Supernatural: What the Bible Teaches about the Unseen World – And Why It Matters, Michael Heiser

Well, you thought I was done reading in 2015? You were wrong.

Earlier this year, Dr. Michael Heiser released a book called “The Unseen Realm” which I reviewed in September to high acclaim. I was quoted in this review on the Logos Blog; my conversation with Dr. Darrell Bock was quoted on the Faithlife blog, “5 Questions to Ask When You Encounter New Ideas in Biblical Scholarship.” Dr. Michael Heiser, a person I never expected to see my review, even left a nice comment on my review praising my “candor and the high quality of your perceptions.” All of this was really cool. It’s my dream (one that I don’t know if it will ever come to past) to have these kinds of discussions, but I was more overjoyed that people were reading what I wrote and thought what I said contained of some kind of academic weight.

Anyways, with all of this, I couldn’t help but read Dr. Heiser’s book, “Supernatural.” It was the logical “next step.” Supernatural is a “cut down” version of the Unseen Realm. So it’s quite a bit smaller. But the premise is the same. I read the book on an extended bus ride in just about two hours. Much like the Unseen Realm, I couldn’t help myself. I wrote in my review of the Unseen Realm “This was the most thought provoking, thrilling, insightful book I have read all year.” This could be said of Supernatural as well.

In case you didn’t bother to read my review on the Unseen Realm, let me catch you up a bit: Psalm 82:1 says, “God has taken his place in the divine council; in the midst of the gods he holds judgment.” The word for “God” in the first instance is Elohim, which is a natural and often used term for God. However, the second use of “gods” is also Elohim. This was the starting point for Dr. Heiser’s research (which spanned 15 years). Dr. Heiser proposes that there is a Divine Council of heavenly beings that God uses, although he doesn’t have to. Just like He doesn’t need humans, he doesn’t need a pantheon of divine beings to council Him. But there are several instances where the Divine Council shows up in both testaments. For example, the book of Job see’s one of these members. Translations often use the word “Satan” for the exchange in Job 1:6-12. However, the word for “Satan” is actually translated more accurately, “the tempter.” Dr. Heiser explores this more in the Unseen Realm than in Supernatural, but you understand my point.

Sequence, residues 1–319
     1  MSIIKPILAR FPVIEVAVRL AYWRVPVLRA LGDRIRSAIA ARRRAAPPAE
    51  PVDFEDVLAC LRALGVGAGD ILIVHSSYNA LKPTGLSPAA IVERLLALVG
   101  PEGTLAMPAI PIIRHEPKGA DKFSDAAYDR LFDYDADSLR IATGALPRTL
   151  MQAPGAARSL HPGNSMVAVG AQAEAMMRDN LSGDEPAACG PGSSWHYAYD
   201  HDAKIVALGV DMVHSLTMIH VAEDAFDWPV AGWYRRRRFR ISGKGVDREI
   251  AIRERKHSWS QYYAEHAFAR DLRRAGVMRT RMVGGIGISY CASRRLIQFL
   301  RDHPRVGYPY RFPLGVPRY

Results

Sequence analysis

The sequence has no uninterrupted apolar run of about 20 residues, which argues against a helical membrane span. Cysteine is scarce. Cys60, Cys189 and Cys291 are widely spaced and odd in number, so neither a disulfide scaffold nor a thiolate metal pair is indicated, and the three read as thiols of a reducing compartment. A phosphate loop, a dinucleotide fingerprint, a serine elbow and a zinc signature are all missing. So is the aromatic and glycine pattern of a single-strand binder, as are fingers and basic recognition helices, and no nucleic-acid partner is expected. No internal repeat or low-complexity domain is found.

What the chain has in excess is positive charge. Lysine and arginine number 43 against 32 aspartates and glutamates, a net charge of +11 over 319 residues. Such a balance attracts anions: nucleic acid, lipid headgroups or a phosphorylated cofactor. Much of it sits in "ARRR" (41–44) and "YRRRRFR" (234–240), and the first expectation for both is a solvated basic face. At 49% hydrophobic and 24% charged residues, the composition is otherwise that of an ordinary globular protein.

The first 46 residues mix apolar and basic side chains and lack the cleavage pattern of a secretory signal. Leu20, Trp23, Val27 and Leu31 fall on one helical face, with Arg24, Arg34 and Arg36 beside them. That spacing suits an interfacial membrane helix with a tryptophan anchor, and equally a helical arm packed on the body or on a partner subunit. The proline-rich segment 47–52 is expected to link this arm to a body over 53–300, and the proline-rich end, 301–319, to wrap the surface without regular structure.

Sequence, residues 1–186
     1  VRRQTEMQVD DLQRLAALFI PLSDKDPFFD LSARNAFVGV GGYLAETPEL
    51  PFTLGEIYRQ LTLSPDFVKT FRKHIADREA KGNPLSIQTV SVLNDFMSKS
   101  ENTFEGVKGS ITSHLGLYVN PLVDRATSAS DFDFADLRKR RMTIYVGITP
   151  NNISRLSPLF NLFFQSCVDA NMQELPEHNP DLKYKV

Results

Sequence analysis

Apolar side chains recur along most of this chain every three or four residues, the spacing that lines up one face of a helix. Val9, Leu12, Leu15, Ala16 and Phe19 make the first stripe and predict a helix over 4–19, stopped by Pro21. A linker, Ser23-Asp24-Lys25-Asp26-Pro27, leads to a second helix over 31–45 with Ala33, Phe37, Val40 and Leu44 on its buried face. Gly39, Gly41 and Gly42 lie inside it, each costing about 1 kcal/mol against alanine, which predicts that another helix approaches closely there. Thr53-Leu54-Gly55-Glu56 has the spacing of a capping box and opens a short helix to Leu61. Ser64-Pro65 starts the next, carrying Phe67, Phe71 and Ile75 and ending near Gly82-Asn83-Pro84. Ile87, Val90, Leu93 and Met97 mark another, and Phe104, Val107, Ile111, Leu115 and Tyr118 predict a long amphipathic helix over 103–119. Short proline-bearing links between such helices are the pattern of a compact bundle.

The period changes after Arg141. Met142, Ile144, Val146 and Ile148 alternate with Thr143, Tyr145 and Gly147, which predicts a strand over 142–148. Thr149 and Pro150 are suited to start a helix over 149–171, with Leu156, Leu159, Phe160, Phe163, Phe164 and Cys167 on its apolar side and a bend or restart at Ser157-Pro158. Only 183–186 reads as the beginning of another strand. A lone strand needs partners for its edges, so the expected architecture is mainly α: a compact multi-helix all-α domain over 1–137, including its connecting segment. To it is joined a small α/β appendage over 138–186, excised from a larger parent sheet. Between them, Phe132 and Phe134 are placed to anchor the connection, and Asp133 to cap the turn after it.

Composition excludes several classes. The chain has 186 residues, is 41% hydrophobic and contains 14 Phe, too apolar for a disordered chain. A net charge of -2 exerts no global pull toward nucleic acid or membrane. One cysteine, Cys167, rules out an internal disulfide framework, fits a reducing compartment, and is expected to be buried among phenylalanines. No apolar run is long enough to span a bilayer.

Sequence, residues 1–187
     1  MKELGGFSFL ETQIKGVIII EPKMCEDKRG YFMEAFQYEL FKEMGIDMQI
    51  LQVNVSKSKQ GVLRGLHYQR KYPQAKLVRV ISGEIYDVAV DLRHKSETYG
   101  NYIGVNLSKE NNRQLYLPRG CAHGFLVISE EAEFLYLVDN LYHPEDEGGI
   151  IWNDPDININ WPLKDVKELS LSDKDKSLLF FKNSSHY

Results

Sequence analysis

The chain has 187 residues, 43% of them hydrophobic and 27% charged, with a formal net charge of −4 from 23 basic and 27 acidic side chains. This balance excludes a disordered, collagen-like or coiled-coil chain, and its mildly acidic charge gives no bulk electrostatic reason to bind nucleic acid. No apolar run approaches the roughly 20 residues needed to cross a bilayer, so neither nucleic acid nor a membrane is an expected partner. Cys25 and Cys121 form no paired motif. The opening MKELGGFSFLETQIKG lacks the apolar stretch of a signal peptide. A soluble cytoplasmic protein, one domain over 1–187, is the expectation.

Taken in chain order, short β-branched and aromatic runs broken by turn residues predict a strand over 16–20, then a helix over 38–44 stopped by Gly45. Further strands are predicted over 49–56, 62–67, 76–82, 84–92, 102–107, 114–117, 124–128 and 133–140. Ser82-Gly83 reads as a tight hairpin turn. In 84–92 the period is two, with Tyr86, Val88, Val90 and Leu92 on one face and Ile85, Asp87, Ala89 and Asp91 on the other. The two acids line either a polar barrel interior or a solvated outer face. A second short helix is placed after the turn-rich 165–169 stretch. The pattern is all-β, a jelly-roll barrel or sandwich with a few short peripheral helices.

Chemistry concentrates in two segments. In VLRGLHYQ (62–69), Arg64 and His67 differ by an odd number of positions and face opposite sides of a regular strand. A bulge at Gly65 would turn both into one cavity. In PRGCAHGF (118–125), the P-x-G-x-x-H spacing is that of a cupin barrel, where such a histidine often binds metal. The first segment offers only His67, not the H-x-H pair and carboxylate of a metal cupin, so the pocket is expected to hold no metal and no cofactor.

There are other implications that are significant. Genesis 6:1-4 is often a section of scripture open to interpretation and more often times than not, debate. Who are these “sons of gods” (ESV)? Dr. Heiser postulates that they are actually members of the Divine Council who bred with humanity to taint the bloodline of Adam. Remember in Genesis 3 that God promised a savior who would crush the head of the serpent (who he also believes is a Divine Council member). So the interbreeding of these two beings would create a mixed bloodline to thwart God’s plan. Well the end result of this were giants who ruled in the land of Canaan. So when we come to the time of Joshua and David, the great genocides of Israel invading the land of Canaan, the purpose was to cleanse the tainted bloodline. A very interesting proposal.

I could say much more about Supernatural, but I’d encourage you to read my review of the Unseen Realm and to pick up a copy for yourself. What I found most helpful about Supernatural was Dr. Heiser put a section at the end of each chapter dedicated to why this matters. I think often times people are intimidated of theology because they believe there is nothing practical about lapsarianism or consubstantiation versus transubstantiation. The truth of the matter is that all theology affects methodology: meaning that whatever theological convictions you hold will influence how you live your life. There is no escaping this conclusion. What Dr. Heiser proposes is that all of this is essential to formulating a biblical worldview that has in mind the unseen powers that are at work. Dr. Heiser notes how the Apostle Paul understood this when he used language of the other realm such as principalities, powers, rulers of darkness, etc. In our rationalistic Western world, we often have trouble accepting the fact that there are forces at work that are otherworldly. Dr. Heiser is encouraging us to accept the plain fact of the Bible as reality.

I highly recommend this book if you are interested in getting your feet wet in the unseen world. However, if you want to drink more deeply of this really intriguing doctrine, I would recommend you pick up a copy of the Unseen Realm (and read my review too). I already have several friends who shared in my excitement and have picked the book up for themselves. Be warned though: your life and your view of the world may never be the same again.

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